Wednesday, 26 September 2007

Claude Monet stole my subject

There was one of the water lilies paintings in the “Impressionism from France and America” exhibition I visited in August in Montpellier (France).

While I admired the audacity of the treatment, I could not resist the thought that painting water lilies had become almost impossible after Monet. This subject is so associated with Monet that either you paint water lilies as homage to the great impressionist artist or you pass for a pale imitator. Whatever you do, you cannot escape the comparison.

The only option would be to reinvent the subject by taking a radical new approach to it and find a new artistic treatment.

What can we learn from Monet’s choice?
  • When Monet started the series in 1885, water lilies were not an obvious subject for a painting. I am not aware of any other painter who has used them as his main painting subject. In a way, Monet “invented” the subject.

  • This subject has a lot to offer: the curves of the plants, the reflexions in the water, the white flowers acting like a screen to catch reflected lights and shadows, the transparence of the water. The large panels represent the water without edges or boundaries, punctuated with the water lily pads and flowers and clouded by the inverted image of the surrounding trees. Monet turned an ordinary subject into extraordinary paintings celebrating calm and harmony.

  • Monet was a keen gardener and his passion for plants and flowers shows in his paintings. You have to embrace your painting subjects. You should not paint anything that does not appeal to you.

  • This subject was on Monet’s doorstep. I concede that any painter would be happy to have free access to a garden like Giverny’s garden to paint in. The advantage for Monet was the proximity of the studio. In summer, he could paint in the garden and complete plein-air studies. In winter, he would retreat into his close-by studio and work on the large panels, using his studies and working from memory. We often overlook interesting subjects that lay few hundred metres from our houses or even in our back garden.

  • The groundbreaking idea was to blow-up the subject and paint water lilies pads and flowers on large canvases. Monet did around 300 paintings of the water garden, including more than 40 large panels. Most of the large panels (like the murals of the Musée de l'Orangerie in Paris) show life size water lilies.

  • Monet built-up a series of works inspired by his water garden between 1885 and 1926 (the year of his death). He used the subject like a musician practices scales and arpeggios, playing on the full extent of his palette. As time went by, works became more and more abstract. Colours and textures took precedence over the subject itself, now well known to the painter. In the last years, Monet suffered of a double cataract that led to a blurred vision and left him almost blind in the end. This probably accounts in part for the abstract nature of his latest work.

So, water lilies are a difficult territory because Monet mastered them, put his trademark on the subject and raised the bar for any follower. The good news is that there are plenty of subject that we can make ours.

Where can you see Monet’s water lilies paintings?

The Marmottan museum in Paris (France) offers a good selection of Monet’s paintings.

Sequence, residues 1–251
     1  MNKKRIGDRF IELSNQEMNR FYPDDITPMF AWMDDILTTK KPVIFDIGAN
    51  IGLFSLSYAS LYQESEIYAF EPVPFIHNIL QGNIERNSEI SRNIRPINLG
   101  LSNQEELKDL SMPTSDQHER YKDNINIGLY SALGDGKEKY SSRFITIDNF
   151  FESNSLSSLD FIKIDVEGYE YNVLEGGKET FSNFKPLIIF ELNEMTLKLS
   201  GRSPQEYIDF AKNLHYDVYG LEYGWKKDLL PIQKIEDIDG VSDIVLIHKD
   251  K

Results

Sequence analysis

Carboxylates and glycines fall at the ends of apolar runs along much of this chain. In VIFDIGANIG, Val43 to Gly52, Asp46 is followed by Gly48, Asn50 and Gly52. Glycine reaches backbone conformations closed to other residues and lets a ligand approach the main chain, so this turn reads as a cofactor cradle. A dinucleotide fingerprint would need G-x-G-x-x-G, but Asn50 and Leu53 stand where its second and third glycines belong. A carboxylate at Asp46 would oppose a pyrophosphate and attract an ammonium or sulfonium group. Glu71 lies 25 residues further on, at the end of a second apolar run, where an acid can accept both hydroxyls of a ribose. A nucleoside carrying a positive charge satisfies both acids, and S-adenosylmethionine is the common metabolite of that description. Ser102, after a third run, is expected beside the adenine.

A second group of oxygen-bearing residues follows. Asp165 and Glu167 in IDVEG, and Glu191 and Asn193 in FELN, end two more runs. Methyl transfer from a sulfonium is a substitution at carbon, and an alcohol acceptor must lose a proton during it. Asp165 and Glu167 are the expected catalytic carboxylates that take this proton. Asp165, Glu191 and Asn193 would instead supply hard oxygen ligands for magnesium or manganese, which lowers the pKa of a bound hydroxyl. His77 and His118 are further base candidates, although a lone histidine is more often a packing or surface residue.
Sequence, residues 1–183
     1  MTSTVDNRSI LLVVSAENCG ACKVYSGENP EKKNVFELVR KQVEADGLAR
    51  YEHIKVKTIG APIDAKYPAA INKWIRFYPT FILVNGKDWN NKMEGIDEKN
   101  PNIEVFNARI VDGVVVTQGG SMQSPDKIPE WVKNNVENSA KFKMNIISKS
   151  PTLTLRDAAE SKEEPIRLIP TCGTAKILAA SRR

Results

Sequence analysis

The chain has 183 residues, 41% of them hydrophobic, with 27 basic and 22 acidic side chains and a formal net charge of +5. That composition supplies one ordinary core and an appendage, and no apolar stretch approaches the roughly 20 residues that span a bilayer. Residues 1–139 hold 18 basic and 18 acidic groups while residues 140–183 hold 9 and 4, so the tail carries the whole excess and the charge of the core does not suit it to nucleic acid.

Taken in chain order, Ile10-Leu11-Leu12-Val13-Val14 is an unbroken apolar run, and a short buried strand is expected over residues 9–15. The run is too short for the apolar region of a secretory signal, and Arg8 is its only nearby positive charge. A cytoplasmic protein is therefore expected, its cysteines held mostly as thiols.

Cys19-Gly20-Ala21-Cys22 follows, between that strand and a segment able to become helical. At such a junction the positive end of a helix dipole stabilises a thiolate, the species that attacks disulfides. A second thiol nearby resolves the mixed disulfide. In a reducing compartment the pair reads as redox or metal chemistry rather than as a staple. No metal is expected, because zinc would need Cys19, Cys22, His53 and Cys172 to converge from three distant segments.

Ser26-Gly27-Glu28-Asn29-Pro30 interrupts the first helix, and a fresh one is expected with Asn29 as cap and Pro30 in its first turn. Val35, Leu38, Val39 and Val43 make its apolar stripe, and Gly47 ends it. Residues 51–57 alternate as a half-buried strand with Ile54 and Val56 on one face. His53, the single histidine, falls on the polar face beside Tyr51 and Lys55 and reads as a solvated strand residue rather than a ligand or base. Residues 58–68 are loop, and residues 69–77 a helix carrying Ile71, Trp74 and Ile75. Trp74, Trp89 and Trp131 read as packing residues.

Monet’s sketchbooks , also at the Marmottan museum, contain some preparatory drawings for the water lilies paintings.

The Musée de l'Orangerie (in Paris) exhibits the water lilies murals in a special oval room. You can take a Virtual tour of the Water lilies murals here .

The following American museums also have water lilies paintings in their collections:

  • Tuesday, 25 September 2007

    Parsley and Garlic - Oil Painting

    A bunch of parsley we had in a nice pot on the kitchen window sill inspired this painting. The reflection on the glossy white paint as well as the back lit pot and garlic heads offered a variety of light effects.

    I used a limited palette, playing on the harmonies in yellow and blue.

    Parsley and garlic, Oil on panel (6"x 8") by Benoit Philippe

    Thursday, 20 September 2007

    Your art portfolio in your pocket

    You bump into someone (a potential client, a gallery owner or an old friend) and you wish you could show them your paintings… but your portfolio is at home. You can’t go around carrying an A3 presentation portfolio everywhere you go.

    Technology can help you here. When I bought my iPod couple of years ago, I went for the video model with 30 Gigabite of memory. I am not using it for video, but I store my portfolio on it.

    • Although the LCD screen is small (5.2 cm x 4 cm), it has an excellent definition and is backlit.

    • In the menue, the pictures are presented as a mosaique and it is easy to find and select the one you want to show.

    • There is a slide show function if you want to show the whole porfolio. You can set-up the time per slide.

    • For the slideshow mode, the Apple software let you chose between different types of transitions between the slides (page flip, push accross, radial, etc.) or can pick the transition mode at random. It makes the presentation look very professional.
    It is also possible to use the iPod as a harddrive to store documents. You could have some key Word documents always available:

    • Your artist statement

    • Your artist CV
    In practice :
    • Take a model with sufficient memory to put your photographs in addition to the songs and podcast you will download.

    • Take the habit to refresh the portfolio on your iPod on a regular basis to make sure it is up-to-date and contains your most recent works. The best way is to schedule in your calendar a monthly refresh.
    Take it further :

    • You may own another device like a Palm personal organiser or smart phone that could store your portfolio.

    • Take the different devices you own and think about how you could use them for your art or your art carreer.

    Wednesday, 19 September 2007

    Sunrise in the Lawns oil painting (2)

    I have completed the oil painting Sunrise in the Lawn that I started on site in August on location in one of the parks in Swindon (Wiltshire). You can read the account of this plein air session here.

    I then worked on this painting in the studio from the memory I had of the light in the early hours of the morning. I used glazes to give depth to the sky, give more definition to the tree leaves and capture the golden light of the sun both on the trees and on the dry grass.

    Sunrise in the Lawns - Oil painting on canvas (16” X 12”) by Benoit Philippe

    Monday, 17 September 2007

    Sir Peter Blake on the Kaupthing Singer and Friedlander / Sunday Times Watercolour Competition